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theartsdesk MOT: The Phantom of the Opera, Her Majesty's Theatre | reviews, news & interviews

theartsdesk MOT: The Phantom of the Opera, Her Majesty's Theatre

theartsdesk MOT: The Phantom of the Opera, Her Majesty's Theatre

Does the most successful entertainment event of all time still have it?

Playing up the psychosis: David Shannon's PhantomCatherine Ashmore

With summer now fully upon us, and tourists flocking to the West End, it seems a good time to lift the bonnet on the tireless engine of London’s long-running hit shows. Over the next six weeks theartsdesk will be giving six of London’s hardest-working and longest-running classics – Les Miserables, The Lion King, Chicago, Billy Elliot, The Woman in Black, and of course The Phantom of the Opera – the once-over, checking to see whether all really is still running as smoothly and efficiently as it once was.

There’s a country and western song (whether spoof or real it’s hard to tell) that goes by the glorious title: "How Can I Miss You if You Won’t Go Away?" It’s a number that could have been written for Andrew Lloyd Webber’s The Phantom of the Opera, which has haunted worldwide stages without pause since its launch in 1986: 25 countries, 149 cities and 100 million viewers later, and this theatrical behemoth has become the most successful entertainment event of all time, beating even James Cameron’s mighty Titanic.

Her Majesty’s Theatre, site of the show’s original production and still its London home, is almost exactly of an age with the Paris Opera House of Leroux’s tale. The plush Victorian interior, steeply banked seats and modest stage seem incongruous with the excesses of the show – a true and shamelessly extravagant child of the 1980s – yet yield a certain dusty authenticity that no stadium-sized Vegas production could ever hope to match.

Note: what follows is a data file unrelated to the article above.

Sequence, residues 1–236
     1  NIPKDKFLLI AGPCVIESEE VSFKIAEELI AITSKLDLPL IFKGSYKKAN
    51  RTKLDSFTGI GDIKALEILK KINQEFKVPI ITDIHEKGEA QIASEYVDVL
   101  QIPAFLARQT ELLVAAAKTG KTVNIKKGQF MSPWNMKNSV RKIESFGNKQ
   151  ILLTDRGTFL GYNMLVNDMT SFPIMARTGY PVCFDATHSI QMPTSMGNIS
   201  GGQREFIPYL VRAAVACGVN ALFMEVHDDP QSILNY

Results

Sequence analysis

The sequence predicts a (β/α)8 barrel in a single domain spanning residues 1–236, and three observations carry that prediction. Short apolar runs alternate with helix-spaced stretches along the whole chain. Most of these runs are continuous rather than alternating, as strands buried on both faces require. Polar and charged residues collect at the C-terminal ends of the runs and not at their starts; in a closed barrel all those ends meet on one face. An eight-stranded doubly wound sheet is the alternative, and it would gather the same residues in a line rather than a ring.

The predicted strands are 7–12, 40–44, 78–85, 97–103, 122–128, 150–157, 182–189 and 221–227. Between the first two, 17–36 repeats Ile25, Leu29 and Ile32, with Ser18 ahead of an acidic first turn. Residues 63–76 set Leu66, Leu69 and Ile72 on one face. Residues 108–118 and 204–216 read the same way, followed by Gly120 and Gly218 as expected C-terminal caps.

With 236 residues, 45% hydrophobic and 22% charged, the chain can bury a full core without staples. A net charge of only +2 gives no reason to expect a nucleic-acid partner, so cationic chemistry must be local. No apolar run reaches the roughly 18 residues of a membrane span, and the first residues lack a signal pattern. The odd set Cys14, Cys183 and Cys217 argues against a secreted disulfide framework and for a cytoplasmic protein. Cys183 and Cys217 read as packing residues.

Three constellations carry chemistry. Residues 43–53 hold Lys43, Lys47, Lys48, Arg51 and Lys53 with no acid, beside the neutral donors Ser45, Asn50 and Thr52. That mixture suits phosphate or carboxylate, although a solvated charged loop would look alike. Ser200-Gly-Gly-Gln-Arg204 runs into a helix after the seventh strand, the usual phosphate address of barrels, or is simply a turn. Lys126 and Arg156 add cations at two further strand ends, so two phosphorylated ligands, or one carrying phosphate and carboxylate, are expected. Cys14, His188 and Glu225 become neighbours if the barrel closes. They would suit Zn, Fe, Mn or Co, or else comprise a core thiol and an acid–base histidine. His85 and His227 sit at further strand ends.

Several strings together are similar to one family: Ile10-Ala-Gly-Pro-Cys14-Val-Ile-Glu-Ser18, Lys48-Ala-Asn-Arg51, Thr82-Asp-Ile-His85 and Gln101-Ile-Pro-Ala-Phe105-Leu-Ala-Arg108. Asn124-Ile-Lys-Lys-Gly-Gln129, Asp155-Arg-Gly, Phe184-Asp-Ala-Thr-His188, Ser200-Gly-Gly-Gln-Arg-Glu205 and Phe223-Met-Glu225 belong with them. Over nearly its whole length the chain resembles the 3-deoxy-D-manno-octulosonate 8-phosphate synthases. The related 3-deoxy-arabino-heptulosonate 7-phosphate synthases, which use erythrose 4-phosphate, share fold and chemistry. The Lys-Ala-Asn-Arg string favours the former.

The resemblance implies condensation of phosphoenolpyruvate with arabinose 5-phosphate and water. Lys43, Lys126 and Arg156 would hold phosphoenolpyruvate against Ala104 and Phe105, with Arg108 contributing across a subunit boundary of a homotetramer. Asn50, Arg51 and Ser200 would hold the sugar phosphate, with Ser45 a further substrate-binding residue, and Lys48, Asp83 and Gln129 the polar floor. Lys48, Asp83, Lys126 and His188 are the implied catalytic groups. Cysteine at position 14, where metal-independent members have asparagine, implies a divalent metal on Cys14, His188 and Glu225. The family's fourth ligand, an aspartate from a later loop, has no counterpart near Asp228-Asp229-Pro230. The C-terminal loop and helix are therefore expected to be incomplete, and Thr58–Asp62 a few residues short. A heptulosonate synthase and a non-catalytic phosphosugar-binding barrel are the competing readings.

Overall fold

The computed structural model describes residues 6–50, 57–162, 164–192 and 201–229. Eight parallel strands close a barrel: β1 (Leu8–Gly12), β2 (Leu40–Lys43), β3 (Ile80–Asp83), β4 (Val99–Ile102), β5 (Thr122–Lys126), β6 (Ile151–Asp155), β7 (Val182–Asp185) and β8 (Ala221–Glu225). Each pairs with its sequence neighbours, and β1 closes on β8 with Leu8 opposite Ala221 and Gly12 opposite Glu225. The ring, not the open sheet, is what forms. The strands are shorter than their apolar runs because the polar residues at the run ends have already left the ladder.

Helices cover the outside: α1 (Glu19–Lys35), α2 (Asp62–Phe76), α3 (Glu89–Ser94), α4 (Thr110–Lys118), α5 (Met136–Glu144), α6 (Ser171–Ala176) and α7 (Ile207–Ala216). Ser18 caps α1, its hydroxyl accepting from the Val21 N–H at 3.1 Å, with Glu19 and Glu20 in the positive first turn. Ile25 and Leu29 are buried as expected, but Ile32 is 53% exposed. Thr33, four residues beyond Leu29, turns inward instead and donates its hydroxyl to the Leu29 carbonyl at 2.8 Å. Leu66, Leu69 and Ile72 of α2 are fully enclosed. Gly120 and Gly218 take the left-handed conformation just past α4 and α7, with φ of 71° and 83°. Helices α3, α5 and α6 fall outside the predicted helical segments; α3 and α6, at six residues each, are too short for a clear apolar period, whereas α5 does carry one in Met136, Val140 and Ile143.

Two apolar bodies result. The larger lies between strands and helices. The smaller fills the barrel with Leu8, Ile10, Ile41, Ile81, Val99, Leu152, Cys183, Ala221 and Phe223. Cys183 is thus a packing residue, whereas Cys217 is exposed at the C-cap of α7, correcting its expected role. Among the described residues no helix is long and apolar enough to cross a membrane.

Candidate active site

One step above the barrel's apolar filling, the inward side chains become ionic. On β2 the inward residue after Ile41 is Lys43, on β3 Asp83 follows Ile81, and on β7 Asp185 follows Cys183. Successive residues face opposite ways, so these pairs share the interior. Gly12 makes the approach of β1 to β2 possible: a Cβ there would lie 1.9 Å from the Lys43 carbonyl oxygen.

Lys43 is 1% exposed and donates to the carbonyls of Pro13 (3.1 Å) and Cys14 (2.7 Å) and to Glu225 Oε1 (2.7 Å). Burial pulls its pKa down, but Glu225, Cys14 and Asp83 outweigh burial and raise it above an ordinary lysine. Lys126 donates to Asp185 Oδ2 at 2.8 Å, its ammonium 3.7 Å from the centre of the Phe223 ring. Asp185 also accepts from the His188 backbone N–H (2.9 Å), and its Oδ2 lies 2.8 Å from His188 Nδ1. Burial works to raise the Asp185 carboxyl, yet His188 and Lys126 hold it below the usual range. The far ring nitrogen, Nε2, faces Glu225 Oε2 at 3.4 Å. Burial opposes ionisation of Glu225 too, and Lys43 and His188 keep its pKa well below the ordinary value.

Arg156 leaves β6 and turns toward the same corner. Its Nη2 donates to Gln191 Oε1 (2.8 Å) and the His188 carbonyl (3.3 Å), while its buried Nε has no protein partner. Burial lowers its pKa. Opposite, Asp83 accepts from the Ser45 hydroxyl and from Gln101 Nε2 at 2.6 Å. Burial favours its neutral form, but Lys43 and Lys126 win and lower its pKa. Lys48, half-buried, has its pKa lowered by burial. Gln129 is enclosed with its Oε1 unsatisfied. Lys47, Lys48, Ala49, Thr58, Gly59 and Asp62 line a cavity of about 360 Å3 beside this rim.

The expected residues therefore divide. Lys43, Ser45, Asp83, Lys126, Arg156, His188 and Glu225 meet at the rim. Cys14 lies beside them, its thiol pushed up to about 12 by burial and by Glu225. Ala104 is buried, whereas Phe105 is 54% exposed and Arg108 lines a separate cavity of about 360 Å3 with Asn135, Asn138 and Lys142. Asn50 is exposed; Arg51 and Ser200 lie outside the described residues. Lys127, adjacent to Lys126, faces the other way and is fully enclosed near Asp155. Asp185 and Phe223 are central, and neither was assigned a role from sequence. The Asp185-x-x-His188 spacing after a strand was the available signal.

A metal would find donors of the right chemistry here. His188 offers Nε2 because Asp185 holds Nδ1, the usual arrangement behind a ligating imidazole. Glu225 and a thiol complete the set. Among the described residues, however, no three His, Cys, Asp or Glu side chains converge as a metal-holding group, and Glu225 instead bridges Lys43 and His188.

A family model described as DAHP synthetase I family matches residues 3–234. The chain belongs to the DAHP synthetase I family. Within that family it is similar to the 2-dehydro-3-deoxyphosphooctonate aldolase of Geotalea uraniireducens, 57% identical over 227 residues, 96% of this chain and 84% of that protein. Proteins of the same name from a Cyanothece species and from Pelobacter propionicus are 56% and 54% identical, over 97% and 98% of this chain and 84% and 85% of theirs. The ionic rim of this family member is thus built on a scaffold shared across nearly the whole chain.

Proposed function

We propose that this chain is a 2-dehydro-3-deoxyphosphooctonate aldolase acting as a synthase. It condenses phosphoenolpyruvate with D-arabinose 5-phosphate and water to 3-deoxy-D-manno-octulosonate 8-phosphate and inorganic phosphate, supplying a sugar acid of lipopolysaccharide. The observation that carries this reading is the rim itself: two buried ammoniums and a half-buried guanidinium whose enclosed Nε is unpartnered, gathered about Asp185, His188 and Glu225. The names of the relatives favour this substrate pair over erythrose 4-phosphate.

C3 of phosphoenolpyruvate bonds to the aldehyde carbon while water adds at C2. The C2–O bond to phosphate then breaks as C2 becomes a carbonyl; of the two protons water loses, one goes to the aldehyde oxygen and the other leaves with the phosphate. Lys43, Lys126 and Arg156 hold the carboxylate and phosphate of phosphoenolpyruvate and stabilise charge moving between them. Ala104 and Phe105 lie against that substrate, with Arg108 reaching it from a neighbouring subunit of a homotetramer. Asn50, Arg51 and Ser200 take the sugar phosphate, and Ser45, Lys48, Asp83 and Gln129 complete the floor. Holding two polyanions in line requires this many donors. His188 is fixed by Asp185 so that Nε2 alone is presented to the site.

Though playing to a new-generation audience (primarily teenage girls, if the cooings and gigglings from the gallery were anything to go by), the traditional theatrical tricks and techniques have lost none of their old-school charm. The falling chandelier – still the classic and ultimate coup de theatre – is as dramatic as ever, heightened almost unbearably by its slow and jerky progress up into the theatre’s vaulted ceiling at the start of the show. You find yourself nervously assessing its potential downward trajectory, calibrating the likelihood of being struck in a dramatically appropriate “accident”. Likewise the Phantom’s underground lake, with its mist and gothic candles, still makes for a gorgeously atmospheric tableau, its visual romance tinged with foreboding by the ominously Charon-like figure of the Phantom-boatman.

At the core of Lloyd Webber’s classic boy-meets-girl, girl-meets-tortured-disfigured-genius story is the love triangle between young soprano Christine Daaé, her childhood love Raoul, Vicomte de Chagny, and the Phantom himself. It is crucial to the show’s success that we, along with Christine, remain genuinely torn between her two suitors: the passionate, mysterious Phantom, and the safe, puppy-like Vicomte.